• Welcome to
    SHS/PDCCC Dual-Credit Math

    Block 3 - PreCalculus in Room 204 during 1st Quarter, and Room 314 thereafter in 2019/2020


    Lecture Monday - Friday

    Need Help...See me in Student Success on Tuesdays
                or after school Wednesdays!

    My philosophy and message to students:

         Mathematics is a universal language. Just about everything we do involves mathematics. As an engineer teaching math, my philosophy is to learn the basic mathematical concepts and apply them to real-world problems. I don't believe in merely memorizing formulas and plugging numbers into a calculator; however, we do use a non-graphing scientific calculator, the TI-30X IIs when necessary for exponential, logarithmic, and trigonometric functions and calculations.  Each student must buy their own calculator and take it to class. We will also use sliderules (provided in class) in order to visualize mathematical functions and relations.  Most tests will be taken without a calculator.  I will have loaner TI-30X II calculators, if a student forgets to bring one to class.
         In my classes, we use a flexible and
    systems approach to problem solving:

          1. Take a close look at the problem.
     What are you trying to do or solve?
          3. What facts do you know?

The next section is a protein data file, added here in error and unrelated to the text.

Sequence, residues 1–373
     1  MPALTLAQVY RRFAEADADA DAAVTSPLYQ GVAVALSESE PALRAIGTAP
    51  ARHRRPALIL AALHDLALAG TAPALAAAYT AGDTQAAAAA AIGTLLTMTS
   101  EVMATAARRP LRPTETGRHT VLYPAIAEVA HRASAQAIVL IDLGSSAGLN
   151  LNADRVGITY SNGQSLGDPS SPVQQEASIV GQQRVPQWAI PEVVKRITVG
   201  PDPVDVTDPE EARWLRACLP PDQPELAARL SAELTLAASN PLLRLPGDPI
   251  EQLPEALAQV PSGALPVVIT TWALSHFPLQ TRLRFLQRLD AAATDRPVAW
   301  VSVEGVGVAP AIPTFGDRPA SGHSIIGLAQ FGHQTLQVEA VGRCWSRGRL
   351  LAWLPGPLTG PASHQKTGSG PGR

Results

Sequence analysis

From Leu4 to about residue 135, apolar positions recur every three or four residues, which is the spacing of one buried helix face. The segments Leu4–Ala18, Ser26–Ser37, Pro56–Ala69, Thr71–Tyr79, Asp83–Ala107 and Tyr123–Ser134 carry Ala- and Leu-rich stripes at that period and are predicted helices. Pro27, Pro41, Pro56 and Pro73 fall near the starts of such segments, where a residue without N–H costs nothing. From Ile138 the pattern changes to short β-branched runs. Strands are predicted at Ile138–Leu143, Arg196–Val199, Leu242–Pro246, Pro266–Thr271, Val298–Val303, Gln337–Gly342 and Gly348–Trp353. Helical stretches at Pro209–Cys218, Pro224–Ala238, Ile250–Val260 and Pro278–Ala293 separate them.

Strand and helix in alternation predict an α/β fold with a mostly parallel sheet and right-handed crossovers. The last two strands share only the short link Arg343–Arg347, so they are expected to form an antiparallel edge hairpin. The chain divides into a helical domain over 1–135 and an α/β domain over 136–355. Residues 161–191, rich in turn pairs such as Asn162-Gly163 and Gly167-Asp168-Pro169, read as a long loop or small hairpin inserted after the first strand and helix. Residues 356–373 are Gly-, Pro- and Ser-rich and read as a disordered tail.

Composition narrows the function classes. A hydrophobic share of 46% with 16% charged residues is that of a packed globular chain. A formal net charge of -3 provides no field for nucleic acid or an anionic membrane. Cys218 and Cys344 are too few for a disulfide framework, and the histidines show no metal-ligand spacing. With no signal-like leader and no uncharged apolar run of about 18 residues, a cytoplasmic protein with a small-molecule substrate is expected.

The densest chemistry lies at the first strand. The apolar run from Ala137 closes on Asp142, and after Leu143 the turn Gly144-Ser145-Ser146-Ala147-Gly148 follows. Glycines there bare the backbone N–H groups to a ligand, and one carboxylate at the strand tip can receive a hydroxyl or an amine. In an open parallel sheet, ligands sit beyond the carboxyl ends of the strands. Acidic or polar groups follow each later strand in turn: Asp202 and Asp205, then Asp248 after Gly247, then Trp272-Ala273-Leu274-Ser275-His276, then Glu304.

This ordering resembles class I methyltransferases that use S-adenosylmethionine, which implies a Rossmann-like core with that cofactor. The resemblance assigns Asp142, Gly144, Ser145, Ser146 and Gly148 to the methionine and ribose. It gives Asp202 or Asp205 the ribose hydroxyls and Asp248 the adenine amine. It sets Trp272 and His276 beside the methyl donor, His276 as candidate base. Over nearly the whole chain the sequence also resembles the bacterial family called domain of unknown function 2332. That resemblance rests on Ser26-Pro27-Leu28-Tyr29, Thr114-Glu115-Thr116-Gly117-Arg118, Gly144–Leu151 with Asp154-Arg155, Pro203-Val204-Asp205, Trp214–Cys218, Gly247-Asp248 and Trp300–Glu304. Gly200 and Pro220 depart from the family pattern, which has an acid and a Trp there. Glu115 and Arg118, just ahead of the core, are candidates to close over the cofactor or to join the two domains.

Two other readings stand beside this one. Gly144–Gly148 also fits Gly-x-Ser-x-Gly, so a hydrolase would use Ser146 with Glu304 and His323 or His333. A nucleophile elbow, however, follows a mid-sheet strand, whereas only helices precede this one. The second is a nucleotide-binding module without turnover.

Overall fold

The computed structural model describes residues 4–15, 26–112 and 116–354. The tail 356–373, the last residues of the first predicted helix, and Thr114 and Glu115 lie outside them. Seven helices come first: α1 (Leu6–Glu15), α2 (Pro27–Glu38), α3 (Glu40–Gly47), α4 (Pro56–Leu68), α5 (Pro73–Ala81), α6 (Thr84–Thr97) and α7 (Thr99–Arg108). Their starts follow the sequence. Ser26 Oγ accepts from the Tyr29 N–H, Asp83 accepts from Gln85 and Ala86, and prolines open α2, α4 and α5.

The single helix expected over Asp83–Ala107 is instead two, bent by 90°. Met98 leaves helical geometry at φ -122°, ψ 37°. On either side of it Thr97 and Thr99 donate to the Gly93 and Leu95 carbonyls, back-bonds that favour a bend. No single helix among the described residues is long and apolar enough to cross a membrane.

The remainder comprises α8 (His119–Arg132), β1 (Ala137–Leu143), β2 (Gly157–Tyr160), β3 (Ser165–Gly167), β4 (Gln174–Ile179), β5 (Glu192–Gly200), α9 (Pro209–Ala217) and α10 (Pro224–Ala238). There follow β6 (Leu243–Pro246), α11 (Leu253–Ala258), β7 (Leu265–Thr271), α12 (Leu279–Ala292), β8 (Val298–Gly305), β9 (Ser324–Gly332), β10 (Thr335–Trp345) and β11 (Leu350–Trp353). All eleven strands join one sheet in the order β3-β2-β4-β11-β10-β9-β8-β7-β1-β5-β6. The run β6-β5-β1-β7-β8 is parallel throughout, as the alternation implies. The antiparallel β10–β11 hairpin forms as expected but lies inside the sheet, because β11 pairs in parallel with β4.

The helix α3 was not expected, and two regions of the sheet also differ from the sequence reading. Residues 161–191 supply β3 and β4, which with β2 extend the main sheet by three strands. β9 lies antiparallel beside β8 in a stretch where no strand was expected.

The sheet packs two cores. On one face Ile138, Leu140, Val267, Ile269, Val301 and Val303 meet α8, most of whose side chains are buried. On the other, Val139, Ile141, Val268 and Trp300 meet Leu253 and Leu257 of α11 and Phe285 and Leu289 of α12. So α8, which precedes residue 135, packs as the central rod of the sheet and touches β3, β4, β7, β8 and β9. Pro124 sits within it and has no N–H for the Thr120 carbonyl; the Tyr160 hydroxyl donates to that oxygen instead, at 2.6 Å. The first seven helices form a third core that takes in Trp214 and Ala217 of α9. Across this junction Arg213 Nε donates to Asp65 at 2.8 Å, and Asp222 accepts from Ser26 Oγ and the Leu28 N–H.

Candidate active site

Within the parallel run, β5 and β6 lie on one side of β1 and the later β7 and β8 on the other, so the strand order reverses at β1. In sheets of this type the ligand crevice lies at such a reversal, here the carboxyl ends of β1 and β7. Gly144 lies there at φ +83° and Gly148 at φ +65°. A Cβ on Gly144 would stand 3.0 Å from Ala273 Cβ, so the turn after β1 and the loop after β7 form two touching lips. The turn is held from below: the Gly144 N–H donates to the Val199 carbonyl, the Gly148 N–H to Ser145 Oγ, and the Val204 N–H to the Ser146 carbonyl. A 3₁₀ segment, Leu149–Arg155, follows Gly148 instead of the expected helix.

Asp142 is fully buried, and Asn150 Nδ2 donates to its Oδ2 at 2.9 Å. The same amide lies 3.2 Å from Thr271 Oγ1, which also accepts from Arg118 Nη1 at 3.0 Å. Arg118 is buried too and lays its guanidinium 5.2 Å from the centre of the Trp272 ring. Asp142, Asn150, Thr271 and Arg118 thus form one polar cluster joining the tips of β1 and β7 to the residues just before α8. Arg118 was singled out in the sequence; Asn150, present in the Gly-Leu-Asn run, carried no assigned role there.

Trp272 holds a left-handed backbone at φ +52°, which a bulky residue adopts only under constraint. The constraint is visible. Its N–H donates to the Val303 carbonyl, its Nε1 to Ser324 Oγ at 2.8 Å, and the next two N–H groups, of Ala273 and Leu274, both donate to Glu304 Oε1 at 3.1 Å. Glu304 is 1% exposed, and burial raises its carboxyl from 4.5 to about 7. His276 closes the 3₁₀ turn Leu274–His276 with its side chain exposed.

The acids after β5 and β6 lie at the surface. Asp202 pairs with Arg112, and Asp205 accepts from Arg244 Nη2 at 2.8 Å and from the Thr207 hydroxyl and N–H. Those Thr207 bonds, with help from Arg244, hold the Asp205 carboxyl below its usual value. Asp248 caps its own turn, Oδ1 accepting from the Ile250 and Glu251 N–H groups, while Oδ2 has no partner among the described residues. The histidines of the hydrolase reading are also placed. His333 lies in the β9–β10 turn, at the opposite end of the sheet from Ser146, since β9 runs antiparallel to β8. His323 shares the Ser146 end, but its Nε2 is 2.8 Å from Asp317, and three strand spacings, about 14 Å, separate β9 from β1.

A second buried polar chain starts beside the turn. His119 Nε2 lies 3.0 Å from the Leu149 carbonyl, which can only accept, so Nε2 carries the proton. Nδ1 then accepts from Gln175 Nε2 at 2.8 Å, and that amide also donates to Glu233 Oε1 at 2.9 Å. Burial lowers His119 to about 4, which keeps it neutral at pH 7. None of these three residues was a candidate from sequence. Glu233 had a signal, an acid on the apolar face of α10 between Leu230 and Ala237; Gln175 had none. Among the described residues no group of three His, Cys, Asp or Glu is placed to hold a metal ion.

4. What are your limitations?
          5. Simplify and break it down into parts or modules you can understand.
          6. What approaches (mathematical, scientific, engineering, and/or otherwise) can help you reach the desired outcome?

         In order to be an effective problem solver, you must have a firm understanding and knowledge of basic mathematical concepts.  I expect my students to fully immerse themselves into their mathematics course. The student must read the text and work assigned problems before going to class. When in class, the student must be prepared, stay focused, and participate. Put away and tune out all distractions.  Students will have to study and work on homework problems outside of class.  I expect about 1 to 2 hours per day.   My students need to participate in a study group or work with a study partner. Communicate with your classmates, and more especially with your instructor.

         Mathematics is a mentally stimulating experience. All you need is paper, pencil, and your brain.